In the recent case Van den Heever v Minister of Minerals and Energy (150/14) [2015] ZASCA 19, the Supreme Court of Appeal had to decide whether a letter, objectively viewed, evinced the writer's intention to abandon its mining rights.

In essence, a dispute arose whether Trans Hex Operations (Pty) Ltd ('Trans Hex') abandoned its old order mining right to mine for diamonds on two adjacent pieces of land, on the farm Richtersveld No 11 ('Property') situated in the Namaqualand district of the Northern Cape. Van den Heever applied for a mining permit for diamonds over the same Property in terms of s27 of the Mineral and Petroleum Resources Development Act 28 of 2002 (MPRDA). Van den Heever's mining permit application was refused by the Minister of Mineral Resources ('Minister') on the basis that Trans Hex already held a mining right for diamonds over the Property.

Van den Heever disputed the grant of a converted mining right by the Minister to Trans Hex's on the basis that Mynbou (Trans Hex's successor-in-title) abandoned the old order mining right for diamonds over the Property. In order to understand Van den Heever's contention, it is necessary to set out some of the facts that led to Trans Hex being granted with converted mining right for diamonds occurring in or under the Property by the Minister:

  • In 1991, Mynbou became the holder of a notarial lease which gave it the right to mine for diamonds on the Property, as a result, the mineral right and mining licence were in favour of Mynbou. In 1998, the Richtersveld Community ('Community') lodged a land claim over the Property in terms of the Restitution of Land Rights Act, No 22 of 1994. In response to the land claim lodged, Mynbou entered into an agreement with the Community in terms of which it would fence-off a part of the Property to be used for agricultural purposes.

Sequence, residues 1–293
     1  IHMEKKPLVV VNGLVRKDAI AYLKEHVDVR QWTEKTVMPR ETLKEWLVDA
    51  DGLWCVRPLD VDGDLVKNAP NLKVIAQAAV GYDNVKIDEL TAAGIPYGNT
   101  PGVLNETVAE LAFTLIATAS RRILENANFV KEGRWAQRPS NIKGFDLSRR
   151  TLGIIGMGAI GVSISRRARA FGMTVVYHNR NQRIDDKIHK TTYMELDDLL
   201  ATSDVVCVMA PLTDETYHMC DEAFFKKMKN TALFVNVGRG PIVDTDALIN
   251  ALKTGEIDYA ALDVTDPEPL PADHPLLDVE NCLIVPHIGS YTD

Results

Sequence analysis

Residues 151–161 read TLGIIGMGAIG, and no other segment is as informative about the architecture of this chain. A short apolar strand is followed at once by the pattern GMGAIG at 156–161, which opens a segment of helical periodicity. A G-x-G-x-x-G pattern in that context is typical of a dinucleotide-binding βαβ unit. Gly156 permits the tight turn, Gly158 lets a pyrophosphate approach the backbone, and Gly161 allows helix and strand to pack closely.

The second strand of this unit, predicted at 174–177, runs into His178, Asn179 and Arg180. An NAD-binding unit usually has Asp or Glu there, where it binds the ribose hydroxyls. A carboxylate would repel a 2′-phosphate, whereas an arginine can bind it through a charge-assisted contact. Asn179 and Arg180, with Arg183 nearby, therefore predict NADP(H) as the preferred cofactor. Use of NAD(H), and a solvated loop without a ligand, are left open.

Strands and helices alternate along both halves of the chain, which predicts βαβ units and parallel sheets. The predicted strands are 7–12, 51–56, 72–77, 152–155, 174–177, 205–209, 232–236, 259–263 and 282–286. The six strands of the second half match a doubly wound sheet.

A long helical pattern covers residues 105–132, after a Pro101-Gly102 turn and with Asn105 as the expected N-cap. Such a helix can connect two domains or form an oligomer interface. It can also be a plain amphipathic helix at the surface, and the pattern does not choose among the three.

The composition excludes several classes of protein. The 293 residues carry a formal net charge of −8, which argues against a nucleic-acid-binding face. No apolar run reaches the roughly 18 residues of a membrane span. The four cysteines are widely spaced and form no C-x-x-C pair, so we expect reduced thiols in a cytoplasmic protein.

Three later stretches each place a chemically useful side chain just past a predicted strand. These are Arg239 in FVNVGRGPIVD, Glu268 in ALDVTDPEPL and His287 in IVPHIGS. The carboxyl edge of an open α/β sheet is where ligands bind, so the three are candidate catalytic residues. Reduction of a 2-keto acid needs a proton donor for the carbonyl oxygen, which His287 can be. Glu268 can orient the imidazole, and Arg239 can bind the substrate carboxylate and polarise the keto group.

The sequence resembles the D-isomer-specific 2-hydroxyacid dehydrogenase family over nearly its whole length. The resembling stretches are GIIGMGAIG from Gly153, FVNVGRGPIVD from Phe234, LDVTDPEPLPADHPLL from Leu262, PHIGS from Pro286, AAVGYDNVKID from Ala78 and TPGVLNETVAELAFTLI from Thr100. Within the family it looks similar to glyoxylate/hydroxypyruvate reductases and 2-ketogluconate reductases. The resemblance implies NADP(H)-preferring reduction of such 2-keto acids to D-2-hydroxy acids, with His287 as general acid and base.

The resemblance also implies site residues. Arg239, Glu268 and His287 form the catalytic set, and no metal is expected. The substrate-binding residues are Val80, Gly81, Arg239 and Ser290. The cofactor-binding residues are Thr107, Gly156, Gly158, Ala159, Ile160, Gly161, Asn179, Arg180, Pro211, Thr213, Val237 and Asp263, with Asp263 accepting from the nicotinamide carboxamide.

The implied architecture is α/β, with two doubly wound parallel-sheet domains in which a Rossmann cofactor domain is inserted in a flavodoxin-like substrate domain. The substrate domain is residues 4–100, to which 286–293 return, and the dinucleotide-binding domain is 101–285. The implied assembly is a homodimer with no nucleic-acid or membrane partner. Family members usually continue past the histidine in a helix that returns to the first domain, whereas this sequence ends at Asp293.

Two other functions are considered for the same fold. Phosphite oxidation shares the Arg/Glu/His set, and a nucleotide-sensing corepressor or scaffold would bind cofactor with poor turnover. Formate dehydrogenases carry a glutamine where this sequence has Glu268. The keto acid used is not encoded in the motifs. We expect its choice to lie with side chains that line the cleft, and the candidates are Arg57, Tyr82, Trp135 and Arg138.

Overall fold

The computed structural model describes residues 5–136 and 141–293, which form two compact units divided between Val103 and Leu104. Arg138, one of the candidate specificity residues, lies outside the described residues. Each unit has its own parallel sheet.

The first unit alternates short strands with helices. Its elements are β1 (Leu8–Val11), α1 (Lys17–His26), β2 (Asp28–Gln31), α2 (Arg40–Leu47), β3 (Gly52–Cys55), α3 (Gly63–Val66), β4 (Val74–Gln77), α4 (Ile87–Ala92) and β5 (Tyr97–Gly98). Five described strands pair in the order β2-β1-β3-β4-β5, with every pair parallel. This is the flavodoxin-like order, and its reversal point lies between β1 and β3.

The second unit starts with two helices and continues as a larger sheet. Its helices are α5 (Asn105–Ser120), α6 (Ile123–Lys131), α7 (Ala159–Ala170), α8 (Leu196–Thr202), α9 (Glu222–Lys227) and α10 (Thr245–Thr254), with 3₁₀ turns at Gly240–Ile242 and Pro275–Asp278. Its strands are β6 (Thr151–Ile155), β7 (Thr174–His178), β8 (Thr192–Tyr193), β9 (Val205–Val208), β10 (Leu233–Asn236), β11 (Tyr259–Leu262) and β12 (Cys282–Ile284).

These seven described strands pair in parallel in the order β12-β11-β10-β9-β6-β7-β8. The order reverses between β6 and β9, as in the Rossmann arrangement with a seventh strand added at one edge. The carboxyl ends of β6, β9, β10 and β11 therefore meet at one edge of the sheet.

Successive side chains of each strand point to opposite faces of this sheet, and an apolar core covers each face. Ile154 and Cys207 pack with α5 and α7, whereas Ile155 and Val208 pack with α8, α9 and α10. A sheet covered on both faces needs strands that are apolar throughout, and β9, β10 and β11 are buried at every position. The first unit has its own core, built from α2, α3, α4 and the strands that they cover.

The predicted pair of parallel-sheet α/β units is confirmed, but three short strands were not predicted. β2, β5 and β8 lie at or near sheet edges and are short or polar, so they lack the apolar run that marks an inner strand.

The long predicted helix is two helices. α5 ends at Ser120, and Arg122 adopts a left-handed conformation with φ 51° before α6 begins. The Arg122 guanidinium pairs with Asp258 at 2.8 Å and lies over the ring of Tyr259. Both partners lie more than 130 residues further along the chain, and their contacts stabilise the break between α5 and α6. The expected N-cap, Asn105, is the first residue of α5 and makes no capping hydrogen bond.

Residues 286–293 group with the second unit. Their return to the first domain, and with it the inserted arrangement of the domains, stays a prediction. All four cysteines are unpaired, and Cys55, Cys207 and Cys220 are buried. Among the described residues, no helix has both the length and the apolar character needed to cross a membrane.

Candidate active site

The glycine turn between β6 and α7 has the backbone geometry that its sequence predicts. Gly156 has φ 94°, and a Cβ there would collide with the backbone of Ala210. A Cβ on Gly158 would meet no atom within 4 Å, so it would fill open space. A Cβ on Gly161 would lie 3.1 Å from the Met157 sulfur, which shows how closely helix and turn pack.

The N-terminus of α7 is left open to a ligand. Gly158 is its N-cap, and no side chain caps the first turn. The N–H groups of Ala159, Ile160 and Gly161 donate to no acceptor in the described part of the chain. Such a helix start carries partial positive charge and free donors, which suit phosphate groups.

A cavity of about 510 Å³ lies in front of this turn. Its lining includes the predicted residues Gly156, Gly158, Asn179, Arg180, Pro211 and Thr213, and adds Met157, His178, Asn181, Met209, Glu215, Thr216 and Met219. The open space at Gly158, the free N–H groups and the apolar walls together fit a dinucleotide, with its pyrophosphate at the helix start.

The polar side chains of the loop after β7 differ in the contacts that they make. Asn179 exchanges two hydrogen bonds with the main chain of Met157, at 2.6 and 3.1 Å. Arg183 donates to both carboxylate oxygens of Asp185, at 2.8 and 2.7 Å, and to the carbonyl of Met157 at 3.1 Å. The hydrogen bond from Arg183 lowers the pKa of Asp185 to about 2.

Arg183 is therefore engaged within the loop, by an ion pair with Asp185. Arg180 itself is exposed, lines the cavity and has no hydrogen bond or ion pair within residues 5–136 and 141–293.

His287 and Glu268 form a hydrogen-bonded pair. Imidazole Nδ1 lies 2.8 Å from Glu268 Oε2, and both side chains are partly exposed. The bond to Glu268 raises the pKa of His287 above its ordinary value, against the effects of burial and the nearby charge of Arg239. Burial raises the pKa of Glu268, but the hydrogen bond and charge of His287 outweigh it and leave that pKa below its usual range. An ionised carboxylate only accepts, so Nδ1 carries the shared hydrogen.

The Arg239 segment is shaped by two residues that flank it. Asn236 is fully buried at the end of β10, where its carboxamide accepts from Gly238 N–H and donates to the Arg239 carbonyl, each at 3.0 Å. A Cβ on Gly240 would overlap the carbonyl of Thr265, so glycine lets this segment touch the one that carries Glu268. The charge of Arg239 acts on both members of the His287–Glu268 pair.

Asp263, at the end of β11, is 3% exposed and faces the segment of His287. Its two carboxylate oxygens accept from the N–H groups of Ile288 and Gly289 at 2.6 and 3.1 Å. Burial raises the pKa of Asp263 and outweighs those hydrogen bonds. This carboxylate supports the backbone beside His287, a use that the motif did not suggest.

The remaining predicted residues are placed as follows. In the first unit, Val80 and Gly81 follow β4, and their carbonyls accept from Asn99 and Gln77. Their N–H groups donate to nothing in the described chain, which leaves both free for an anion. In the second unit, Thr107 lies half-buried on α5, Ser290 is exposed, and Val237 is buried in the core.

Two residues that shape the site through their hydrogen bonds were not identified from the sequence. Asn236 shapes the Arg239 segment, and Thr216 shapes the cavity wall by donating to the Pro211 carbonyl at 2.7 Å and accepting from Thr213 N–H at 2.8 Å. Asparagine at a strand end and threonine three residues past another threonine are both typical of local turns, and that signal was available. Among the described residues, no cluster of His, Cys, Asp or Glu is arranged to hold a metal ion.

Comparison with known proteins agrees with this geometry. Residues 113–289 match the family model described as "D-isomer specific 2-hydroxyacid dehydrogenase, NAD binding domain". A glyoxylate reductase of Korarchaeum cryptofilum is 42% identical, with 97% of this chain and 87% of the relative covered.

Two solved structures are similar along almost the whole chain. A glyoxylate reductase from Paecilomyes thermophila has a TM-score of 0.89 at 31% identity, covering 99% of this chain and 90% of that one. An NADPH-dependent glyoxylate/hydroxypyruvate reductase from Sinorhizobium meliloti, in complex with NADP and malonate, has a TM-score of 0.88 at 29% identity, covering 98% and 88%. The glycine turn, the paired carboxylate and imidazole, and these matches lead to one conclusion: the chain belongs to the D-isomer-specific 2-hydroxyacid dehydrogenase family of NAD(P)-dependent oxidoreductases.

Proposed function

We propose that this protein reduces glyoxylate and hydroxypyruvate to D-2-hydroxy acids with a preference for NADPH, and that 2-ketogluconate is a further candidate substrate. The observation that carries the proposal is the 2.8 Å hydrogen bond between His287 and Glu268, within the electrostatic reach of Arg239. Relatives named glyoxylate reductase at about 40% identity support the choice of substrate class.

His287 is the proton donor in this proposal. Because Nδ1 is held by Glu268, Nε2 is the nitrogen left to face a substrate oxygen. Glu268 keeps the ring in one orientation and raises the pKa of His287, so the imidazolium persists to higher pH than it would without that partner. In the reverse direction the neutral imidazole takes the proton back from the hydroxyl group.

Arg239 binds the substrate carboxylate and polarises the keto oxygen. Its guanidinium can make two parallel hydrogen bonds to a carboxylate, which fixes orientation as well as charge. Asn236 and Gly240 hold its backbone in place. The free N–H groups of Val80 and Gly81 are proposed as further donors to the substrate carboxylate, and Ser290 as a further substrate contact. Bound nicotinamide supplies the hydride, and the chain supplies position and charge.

• In terms of Mynbou's mining lease, the Property could only be used for mining purposes. Mynbou could therefore not use or sublet the Property for purposes other than mining. Due to this restriction, Mynbou wrote a letter to the Department of Mineral Resources ('Department') to obtain its consent to implement the agreement with the Community. The agreement however, clearly stipulated that it would be without prejudice to the mining right held by Mynbou over the entire property. Mynbou subsequently ceded its mining rights to Trans Hex.
  • According to Van der Heever, this cession to Trans Hex was invalid because, by sending the letter to the Department, Mynbou had abandoned its right to mine on the Property. Thus, Van der Heever reasoned, Mynbou had no mining right to cede at the time of the cession. In support of his argument of abandonment, Van der Heever cited the following paragraph from the letter:

"U word dus versoek om die 13 stukke grond, waarvan die omvang in detail deur middel van koördinate op meegaande plan gedefinieer word, uit die bestaande mynhuurgebied uit te sluit, en die wysiging so by die Mynbriewekantoor in Pretoria te laat registreer."

In response to this contention, Trans Hex and Mynbou argued that on a proper interpretation of the letter and in light of the background facts, the letter did not constitute the abandonment of its mining right, but rather a request to obtain the Minister's consent to amend the mining lease, in order to give effect to the agreement between Mynbou and the Community.

The court held that Mynbou had not abandoned its old order mining right, which was supported by its conduct before and after sending the letter and it was accordingly validly converted by the Minister to a mining right contemplated by the MPRDA. The appeal was accordingly dismissed with costs.

The test in determining whether a mining right is abandoned is therefore objective. The intention of the person should be determined by the outward manifestation of their conduct and can never be presumed. The abandonment must be clearly demonstrated and prove that the person intended to abandon their right with full knowledge of the right in question.